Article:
Observations on Operating System Security
Recently, I observed after someone asked on Quora “How did Microsoft computers go from needing a lot of third party anti-virus software for full protection, to Windows Defender being the only one you need?“
My sense was too opine that one might observe a problem with all this talk of a single operating system or application being more secure than another. Why? That in my experience is not how security economics work.
Software hackers seek errors in code, while software vendors try to improve software security and quality and to reduce design and coding errors. A software error causes a program to behave differently from its specifications, creating a vulnerability an attacker can exploit. Now here’s the core problem all software applications of any meaningful size have bugs. Just ask Alan Turing, who proved in 1936 that a general algorithm to solve all possible program-input pairs could not exist.
There’s more to the story. For the bad actors, the real incentive is that a single vulnerability applies to all instances of a particular version of a piece of software. Why? All software today is distributed as a replica of a master image instance (Clones). The attacker gains a massive economic incentive since the resources they expend to find a single cyber exploit can be applied to millions of potential targets for fun and illicit profit.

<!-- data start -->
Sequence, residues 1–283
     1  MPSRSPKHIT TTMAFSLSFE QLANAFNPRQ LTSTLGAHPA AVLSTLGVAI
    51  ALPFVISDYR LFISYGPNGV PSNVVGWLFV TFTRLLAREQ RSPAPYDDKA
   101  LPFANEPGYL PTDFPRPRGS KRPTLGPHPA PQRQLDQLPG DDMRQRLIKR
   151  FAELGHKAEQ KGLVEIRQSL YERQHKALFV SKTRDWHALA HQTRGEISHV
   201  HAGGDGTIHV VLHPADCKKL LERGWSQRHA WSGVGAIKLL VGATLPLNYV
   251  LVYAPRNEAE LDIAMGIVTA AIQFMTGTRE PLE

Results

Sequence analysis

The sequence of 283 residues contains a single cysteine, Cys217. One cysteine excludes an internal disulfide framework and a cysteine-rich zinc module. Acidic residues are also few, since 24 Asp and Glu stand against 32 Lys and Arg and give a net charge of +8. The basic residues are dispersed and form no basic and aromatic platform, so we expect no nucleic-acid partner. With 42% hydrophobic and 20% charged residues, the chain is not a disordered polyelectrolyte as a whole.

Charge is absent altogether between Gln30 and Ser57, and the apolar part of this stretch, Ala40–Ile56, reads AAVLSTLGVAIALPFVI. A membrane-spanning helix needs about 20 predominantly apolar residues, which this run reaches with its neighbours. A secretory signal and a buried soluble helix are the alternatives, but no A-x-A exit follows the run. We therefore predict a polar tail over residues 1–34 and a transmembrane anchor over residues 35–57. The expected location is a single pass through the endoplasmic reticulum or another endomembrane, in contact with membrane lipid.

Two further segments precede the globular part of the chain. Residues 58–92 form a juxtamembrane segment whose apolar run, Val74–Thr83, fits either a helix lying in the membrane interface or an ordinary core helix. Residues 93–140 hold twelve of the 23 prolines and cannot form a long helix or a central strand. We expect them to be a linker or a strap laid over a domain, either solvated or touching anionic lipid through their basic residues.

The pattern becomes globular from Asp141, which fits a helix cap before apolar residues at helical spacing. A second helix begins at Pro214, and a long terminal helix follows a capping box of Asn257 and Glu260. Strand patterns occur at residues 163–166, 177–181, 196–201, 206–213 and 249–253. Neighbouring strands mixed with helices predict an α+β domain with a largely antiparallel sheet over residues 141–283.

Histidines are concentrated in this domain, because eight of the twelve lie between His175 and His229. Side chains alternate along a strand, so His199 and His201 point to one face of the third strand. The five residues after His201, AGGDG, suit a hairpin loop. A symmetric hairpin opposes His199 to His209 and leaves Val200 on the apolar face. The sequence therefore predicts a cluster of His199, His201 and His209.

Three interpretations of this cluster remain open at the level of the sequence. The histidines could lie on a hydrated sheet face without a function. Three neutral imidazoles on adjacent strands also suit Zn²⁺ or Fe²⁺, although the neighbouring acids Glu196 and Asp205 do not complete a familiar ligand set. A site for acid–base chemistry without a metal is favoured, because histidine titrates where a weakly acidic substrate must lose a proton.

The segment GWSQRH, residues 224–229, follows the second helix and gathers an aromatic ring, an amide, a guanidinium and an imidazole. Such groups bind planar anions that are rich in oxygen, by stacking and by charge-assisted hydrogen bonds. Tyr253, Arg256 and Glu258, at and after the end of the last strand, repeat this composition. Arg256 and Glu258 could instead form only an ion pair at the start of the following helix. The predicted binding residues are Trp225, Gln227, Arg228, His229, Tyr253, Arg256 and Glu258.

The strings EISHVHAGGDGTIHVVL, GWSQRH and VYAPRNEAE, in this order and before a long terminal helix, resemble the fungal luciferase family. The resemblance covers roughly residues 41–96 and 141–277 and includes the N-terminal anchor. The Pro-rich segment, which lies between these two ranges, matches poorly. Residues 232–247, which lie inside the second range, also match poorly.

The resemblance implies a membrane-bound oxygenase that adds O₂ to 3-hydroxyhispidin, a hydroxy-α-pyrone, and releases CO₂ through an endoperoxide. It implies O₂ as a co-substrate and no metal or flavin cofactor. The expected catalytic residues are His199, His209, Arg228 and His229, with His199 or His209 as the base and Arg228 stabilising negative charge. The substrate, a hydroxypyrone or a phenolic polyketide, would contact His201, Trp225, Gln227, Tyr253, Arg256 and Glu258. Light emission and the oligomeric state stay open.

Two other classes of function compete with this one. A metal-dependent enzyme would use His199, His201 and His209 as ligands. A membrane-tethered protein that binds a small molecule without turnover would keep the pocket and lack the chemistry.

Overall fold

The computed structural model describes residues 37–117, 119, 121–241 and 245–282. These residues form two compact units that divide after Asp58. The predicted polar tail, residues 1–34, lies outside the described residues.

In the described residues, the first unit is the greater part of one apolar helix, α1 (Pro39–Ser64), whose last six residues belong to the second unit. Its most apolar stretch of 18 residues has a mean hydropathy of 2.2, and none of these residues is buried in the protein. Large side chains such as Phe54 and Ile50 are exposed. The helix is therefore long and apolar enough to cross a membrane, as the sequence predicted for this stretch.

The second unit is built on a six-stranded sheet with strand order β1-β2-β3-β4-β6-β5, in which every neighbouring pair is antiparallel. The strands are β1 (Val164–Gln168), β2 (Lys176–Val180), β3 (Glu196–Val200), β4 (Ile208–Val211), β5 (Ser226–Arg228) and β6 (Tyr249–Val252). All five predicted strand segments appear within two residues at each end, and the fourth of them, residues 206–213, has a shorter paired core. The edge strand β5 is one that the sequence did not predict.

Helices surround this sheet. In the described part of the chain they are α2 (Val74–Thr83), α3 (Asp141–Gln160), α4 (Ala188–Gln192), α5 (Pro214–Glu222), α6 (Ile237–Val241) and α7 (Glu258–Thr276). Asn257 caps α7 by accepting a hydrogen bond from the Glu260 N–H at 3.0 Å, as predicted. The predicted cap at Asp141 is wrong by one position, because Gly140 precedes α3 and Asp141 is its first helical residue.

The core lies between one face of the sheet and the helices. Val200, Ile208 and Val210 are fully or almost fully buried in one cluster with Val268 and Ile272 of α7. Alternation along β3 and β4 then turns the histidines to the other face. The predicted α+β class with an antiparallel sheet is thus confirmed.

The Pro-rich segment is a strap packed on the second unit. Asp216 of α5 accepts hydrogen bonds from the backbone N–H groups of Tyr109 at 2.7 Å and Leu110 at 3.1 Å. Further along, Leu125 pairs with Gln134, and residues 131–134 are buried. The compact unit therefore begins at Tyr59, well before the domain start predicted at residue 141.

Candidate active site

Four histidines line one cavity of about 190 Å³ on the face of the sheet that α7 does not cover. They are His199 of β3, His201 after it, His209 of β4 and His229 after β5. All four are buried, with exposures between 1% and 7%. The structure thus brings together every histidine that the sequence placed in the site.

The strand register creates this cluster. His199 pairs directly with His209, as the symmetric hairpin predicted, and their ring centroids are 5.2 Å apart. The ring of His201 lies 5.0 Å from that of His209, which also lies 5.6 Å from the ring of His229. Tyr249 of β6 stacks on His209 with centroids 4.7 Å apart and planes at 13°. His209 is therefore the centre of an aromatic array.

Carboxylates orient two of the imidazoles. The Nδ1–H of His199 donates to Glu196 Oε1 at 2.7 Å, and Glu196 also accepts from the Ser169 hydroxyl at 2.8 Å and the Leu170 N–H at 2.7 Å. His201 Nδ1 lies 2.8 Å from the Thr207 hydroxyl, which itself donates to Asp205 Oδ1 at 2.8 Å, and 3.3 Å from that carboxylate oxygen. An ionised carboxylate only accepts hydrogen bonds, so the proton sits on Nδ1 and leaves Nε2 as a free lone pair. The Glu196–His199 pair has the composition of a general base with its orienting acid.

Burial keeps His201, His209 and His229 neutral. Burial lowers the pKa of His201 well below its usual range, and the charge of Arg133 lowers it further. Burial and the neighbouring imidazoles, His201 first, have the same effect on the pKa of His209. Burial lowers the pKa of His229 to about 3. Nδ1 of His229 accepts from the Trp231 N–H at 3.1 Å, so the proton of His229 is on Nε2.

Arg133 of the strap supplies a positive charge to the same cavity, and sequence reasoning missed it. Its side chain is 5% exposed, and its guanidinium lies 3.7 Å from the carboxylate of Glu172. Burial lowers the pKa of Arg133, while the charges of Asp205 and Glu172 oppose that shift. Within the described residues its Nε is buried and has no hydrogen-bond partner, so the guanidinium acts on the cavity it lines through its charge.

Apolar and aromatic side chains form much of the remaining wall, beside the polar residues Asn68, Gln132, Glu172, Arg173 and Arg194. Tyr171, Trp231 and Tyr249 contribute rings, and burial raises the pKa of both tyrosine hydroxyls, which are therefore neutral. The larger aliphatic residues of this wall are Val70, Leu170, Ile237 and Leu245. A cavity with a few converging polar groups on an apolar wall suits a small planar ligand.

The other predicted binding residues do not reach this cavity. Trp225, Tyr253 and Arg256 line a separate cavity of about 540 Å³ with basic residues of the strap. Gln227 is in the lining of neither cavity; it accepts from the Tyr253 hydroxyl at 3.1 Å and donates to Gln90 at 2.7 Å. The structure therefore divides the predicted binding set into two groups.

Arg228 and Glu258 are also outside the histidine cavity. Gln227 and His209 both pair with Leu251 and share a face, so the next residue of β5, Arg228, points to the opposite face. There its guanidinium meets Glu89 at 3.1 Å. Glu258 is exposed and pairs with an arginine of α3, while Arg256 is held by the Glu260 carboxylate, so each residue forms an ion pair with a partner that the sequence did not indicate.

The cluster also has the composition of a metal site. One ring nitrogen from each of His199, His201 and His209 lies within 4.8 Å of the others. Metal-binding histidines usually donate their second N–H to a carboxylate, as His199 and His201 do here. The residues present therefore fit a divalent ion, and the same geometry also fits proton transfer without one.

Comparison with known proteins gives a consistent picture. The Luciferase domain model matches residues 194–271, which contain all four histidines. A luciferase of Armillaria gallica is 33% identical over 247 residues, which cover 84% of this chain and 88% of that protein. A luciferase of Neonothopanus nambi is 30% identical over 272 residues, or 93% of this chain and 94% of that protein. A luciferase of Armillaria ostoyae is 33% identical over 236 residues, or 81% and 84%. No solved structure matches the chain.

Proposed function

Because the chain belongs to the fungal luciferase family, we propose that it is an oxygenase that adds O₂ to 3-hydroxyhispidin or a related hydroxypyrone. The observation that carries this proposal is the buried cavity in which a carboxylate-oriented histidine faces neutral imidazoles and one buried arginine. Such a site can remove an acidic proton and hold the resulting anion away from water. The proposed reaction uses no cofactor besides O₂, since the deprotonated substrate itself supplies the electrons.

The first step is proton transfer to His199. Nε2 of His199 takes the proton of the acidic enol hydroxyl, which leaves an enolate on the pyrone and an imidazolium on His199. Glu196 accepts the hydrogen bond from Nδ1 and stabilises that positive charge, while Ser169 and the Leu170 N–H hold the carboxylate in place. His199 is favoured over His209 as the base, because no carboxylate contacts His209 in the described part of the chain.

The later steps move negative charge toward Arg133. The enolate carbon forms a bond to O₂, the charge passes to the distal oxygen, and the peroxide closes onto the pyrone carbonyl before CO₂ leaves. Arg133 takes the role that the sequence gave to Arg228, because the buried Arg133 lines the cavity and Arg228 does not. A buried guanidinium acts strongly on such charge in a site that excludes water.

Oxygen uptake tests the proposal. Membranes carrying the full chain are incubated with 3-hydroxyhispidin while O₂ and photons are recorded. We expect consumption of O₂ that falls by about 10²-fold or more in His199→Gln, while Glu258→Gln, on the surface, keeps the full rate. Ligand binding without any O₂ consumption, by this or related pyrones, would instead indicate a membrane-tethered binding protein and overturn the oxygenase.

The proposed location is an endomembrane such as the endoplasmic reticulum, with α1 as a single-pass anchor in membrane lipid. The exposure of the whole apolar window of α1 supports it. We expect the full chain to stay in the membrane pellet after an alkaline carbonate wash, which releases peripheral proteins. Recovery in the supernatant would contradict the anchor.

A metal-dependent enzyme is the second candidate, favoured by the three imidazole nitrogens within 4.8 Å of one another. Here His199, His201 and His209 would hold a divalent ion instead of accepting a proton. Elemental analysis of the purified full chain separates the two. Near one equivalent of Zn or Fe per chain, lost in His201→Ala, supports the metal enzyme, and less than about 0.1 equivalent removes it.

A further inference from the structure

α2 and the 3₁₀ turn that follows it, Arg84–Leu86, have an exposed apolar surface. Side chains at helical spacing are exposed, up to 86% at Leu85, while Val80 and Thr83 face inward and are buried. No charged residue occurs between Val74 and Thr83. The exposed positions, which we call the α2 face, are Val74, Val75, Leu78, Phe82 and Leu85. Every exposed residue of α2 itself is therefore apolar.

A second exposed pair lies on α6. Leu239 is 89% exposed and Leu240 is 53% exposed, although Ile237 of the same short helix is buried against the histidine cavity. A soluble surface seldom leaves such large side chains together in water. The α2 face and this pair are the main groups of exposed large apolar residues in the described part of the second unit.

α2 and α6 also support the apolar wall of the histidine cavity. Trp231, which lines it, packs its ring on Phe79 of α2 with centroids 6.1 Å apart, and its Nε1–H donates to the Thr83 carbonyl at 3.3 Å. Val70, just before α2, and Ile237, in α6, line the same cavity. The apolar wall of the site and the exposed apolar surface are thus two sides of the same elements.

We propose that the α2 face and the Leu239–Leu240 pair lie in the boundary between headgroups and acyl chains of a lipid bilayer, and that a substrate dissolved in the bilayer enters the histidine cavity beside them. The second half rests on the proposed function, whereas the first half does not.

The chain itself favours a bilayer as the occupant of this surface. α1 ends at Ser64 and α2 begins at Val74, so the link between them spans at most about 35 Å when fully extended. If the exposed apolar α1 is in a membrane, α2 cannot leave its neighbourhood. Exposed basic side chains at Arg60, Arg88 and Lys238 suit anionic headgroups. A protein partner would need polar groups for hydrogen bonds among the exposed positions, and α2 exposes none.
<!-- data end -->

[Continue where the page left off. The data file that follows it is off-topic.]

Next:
Consider a simple example, a password management system. Humans are a herd animal: by nature, we flock to the most successful product.
Due to the nature of current replicant software manufacturing processes, the most successful password management system is a prime target for attack. Why? The linear effort to crack it will yield exponential reward to the attacker: every instance of the password application will be open to exploitation.
The same scenario applies to computer operating systems. Attackers target Microsoft Windows for this reason. It is the most popular operating system by deployment, so its exploitation garners the most significant economic reward. Many consider Linux to be more secure, yet this may not be for the perceived reason. It may only be due to the diversity of versions.
As momentum grows within the Enterprise market for Linux, we see attacker interest growing; attackers focus on the leading candidate by usage. Why? Such action maximizes their return versus effort.
My sense is that the various Linus variations are not more secure, it is simply that they are less of a target at this point in time. Why? The focus is on Windows for the simple reason it is the most popular operating system – thus gives the highest return on attack investment.
This triggered quite a lot of opinionated responses – chuckle.
Thus, in my defense I would add that it was not my intent to say anyone is better or worse. Rather, my point was to highlight that the attack profile of a product is driven by usage and potential for reward for the attacker.
If you look at the CVE data you can see that as usage increases so does attack….
Top 50 products having highest number of cve security vulnerabilities